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  • Pat Libby

Getting to YES with a new hire



A few weeks ago, I had something happen to me for the first time in all the years I’ve spent hiring people and leading searches for nonprofits.


The candidate who was offered the job turned it down.


You might be thinking, “You’re kidding me. That’s never happened to you Pat?”


Yup, it was my maiden voyage of hiring failure. And frankly, it was my fault. I was jilted at the altar because I made assumptions. I didn’t do a good enough job making sure the candidate REALLY wanted the job with his whole head and heart.


It was a rookie mistake.


Having ongoing and honest conversations with candidates about their needs as well as the needs of your nonprofit is key to getting to yes.


Take these steps to get a candidate to yes when you engage in a search.


1. Develop a job announcement that begins with a brief overview of your nonprofit – its history, mission, budget size, staff, and board. Of course, it should also summarize the position and outline its major areas of responsibility.

 

When you list the job’s qualifications, please don’t include educational requirements unless they’re absolutely required. Otherwise, you could miss out on a Bill Gates-type of candidate (i.e., a brilliant person without a college degree). The salary range should be clearly stated as well as the application deadline. This is required for California organizations with 15 or more employees but regardless, it’s an important practice because it lets people know the parameters of what they can expect.


2. Send an email response to all of your applicants letting them know your timeline for beginning interviews. This is a courteous way of not leaving people hanging (and good for your nonprofit’s image).


3. Design a multi-step process that allows candidates to interact with senior and junior members of the organization in meaningful ways. This should include an opportunity for finalists to meet with the folks they would be supervising, other members of the staff leadership team, and the Board (if it’s a senior position).

 

The hiring process should be clearly outlined, delineated on a timeline, and provided to all first-round candidates. Speaking of timelines, don’t drag out the process! It takes the air out of the balloon of even your most passionate candidates.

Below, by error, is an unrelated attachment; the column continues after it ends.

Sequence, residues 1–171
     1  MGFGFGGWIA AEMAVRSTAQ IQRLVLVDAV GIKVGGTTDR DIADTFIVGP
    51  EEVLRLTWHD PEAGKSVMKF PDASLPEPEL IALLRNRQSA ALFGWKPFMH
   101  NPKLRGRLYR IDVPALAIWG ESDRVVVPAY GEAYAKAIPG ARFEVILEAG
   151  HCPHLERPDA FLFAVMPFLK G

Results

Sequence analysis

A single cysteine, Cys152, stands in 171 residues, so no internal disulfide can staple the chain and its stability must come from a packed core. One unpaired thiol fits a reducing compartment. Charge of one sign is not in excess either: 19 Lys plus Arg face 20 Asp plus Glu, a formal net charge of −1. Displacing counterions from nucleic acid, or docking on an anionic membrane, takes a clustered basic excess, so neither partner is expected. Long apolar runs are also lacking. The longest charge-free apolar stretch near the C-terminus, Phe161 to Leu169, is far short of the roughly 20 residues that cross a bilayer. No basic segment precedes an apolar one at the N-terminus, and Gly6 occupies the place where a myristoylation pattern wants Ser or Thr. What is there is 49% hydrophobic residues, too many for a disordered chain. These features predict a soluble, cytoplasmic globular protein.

4. Verify the identity of the candidates you want to interview through online searches. It’s not that uncommon to come across people who falsely claim to serve on a board or have a different job title than what they list on their resume. If everything checks out, you can find out more about candidates by talking to your mutual LinkedIn connections.      


5. Before you begin the interview process verify the salary range meets the expectations of each of your candidates. Remember, in certain locales such as California, it is illegal to ask someone what they are currently earning.

 

At this juncture, you’ll also want to take the time to tell them what’s REALLY going on within the organization. What is the history of this position? What are the sticky things the organization and this position need to unglue? What’s the culture like? What are the workplace expectations in terms of hours, in-office vs. remote?

 

When you’re honest with candidates they tend to be more forthcoming themselves, revealing things like their desire to be fully remote when that’s not at all what you need or want. One recent candidate, who would have been transitioning from a fully remote job to a fully in-person job, recently complained to her would-be supervisor about how long it took her to do her hair and make-up for the interview! 

 

For finalists, you’ll want to share important internal documents that aren’t publicly available (after they sign an NDA…) to give them a better sense of what is going on under the tent.


6. Do careful reference checks.


7. Finally, to avoid the mistake I made, have ongoing conversations with the finalists about what they are thinking and feeling about the opportunity. That way you should be able to address any uncertainty they have or, at least, be made aware if they’re not fully committed to this new venture. If someone isn’t excited about working for your nonprofit, it’s not the right fit for them or your organization.


There are plenty of talented people out there. To land the right person for your opening, be honest about what you have to offer and be sure to gauge their enthusiasm for your mission and work.

 

Pat 


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Pat Libby is a change management consultant working principally with nonprofit corporations. She is author of The Empowered Citizens Guide: 10 Steps to Passing a Law that Matters to You, Oxford University Press, The Lobbying Strategy Handbook, second edition, Oxford University Press, and Cases in Nonprofit Management, SAGE. She has served as an academic, senior executive, board member, and consultant to innumerable nonprofit organizations and foundations for more than three decades.


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